Image courtesy of Norsfell
What sort of research went into capturing and faithfully exploring Norse mythology in the game?

Maroda: Myself and our team have always been fond of Vikings and Norse mythology. While we did a lot of research and read old Norse legends, we also thought about the elements that came to our mind when we initially think of Viking culture: larger-than-life gods, grandiose storytelling, unwavering bravery (along with axes and beards... the whole nine realms). From there, our focus was not just on what to include, but how we wanted to highlight each of these elements.

Like many myths, Norse mythology was carried from generation to generation by way of oral tradition, told as a community around the fire. Even today, how many times have you had a friend tell others a story and noticed that their recollection of a past event has grown to become a bit of a “tall tale” aspect? We wanted the game to feel like one of those larger-than-life, tall tales of legend.
 
What genre is Tribes of Midgard?

Maroda: Tribes of Midgard blends all of our favorite things across the survival, co-op, and action RPG genres to make a new genre we like to call “surthrival,” where multiplayer survival hinges on the entire community. Unlike normal survival games, in Tribes of Midgard, there is no “I” (not in the name but gameplay), your team will either thrive as a cohesive unit or fall entirely.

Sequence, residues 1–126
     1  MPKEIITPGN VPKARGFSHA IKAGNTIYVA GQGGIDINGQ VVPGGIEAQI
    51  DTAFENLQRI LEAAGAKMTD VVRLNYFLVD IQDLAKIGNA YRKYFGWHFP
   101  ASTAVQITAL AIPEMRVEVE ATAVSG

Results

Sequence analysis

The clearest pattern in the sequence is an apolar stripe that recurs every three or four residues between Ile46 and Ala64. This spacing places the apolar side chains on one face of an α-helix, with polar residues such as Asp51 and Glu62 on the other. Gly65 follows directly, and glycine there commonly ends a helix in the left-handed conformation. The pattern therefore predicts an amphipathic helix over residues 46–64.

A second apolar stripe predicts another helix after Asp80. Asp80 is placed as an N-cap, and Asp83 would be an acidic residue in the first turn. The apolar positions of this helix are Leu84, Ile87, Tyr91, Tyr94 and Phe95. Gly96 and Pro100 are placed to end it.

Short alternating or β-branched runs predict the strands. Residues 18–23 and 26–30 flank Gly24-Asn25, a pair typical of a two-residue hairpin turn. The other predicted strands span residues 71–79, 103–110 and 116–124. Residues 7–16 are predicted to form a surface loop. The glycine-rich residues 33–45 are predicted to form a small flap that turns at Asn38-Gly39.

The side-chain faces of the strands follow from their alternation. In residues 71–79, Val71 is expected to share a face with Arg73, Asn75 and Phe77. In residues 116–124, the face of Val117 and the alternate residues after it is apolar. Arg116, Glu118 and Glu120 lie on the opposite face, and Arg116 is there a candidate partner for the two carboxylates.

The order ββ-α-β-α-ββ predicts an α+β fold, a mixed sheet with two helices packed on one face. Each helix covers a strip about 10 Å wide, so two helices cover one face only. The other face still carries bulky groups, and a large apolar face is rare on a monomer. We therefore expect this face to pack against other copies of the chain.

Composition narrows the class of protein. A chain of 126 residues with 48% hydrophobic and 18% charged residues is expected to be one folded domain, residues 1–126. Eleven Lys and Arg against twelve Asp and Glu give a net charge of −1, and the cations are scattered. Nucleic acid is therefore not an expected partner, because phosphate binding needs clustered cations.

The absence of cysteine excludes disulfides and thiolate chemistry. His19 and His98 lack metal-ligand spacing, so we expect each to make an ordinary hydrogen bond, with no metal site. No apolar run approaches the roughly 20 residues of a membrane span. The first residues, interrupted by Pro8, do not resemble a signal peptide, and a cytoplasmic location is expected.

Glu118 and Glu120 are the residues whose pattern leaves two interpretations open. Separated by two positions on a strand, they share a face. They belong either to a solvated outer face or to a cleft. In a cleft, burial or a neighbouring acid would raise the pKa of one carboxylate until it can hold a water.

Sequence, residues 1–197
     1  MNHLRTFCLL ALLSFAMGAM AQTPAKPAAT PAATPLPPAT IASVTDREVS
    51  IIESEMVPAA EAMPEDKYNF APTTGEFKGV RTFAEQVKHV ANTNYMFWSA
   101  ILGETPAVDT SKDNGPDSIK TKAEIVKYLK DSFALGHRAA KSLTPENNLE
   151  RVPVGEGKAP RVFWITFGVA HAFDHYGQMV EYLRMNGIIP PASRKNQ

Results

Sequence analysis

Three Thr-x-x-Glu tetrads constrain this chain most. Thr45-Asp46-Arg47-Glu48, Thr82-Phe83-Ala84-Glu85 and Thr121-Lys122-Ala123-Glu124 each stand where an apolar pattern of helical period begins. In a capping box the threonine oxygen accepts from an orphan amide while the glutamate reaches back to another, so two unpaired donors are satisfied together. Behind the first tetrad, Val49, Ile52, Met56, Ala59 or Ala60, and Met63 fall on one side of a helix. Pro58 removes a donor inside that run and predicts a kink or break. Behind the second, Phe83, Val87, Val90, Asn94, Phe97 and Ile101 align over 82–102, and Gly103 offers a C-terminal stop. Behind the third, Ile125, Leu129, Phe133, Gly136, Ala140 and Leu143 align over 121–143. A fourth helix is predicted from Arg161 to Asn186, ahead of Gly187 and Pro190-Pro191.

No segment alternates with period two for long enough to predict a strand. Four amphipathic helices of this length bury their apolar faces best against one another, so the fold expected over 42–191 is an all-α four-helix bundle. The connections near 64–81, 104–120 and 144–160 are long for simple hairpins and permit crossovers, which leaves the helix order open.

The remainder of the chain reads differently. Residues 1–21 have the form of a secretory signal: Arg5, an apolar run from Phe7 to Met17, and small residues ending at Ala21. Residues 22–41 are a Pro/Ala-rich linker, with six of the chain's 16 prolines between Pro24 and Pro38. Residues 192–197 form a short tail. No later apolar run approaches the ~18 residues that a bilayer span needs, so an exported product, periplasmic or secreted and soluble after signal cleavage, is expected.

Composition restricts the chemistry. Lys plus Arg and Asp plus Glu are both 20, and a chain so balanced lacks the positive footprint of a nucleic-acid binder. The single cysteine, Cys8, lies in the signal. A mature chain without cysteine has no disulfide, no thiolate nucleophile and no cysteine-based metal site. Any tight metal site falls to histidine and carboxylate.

Moving survival to the team-level definitely introduces a lot of changes and challenges to what you might expect from a survival game. Rather than focusing on your individual needs, you turn the scope to the needs of the tribe and adjust your plans to achieve those goals. This might mean assigning different tasks to other players, coordinating to gather necessary resources, or even creating strategies that help to maintain the health of the Seed of Yggdrasil, which gives life to all of Midgard, and work to everyone’s strengths. 

Of course, you can also play and “surthrive” solo because the game automatically adjusts in difficulty based on how many players join a given session, but even then, it’s not about you, it’s about the Seed.
 
Image courtesy of Norsfell
Tribes of Midgard includes many elements from survival games like crafting, exploration, and resource gathering, but it doesn’t include the need to eat or drink or permadeath. How did you decide what elements of the genre to include and which to omit?

Maroda: Our goal with Tribes of Midgard was to make the survival genre more accessible for players who are interested in the genre, but put off by the uncompromising difficulty. We reassessed basic functions of survival games and combined them with other genres, and retained the features that made them a thrilling experience we can all relate to as humans, without the mundane aspects that distract from that feeling. It took some experimenting and balancing to find that happy medium, but we think we’ve found it.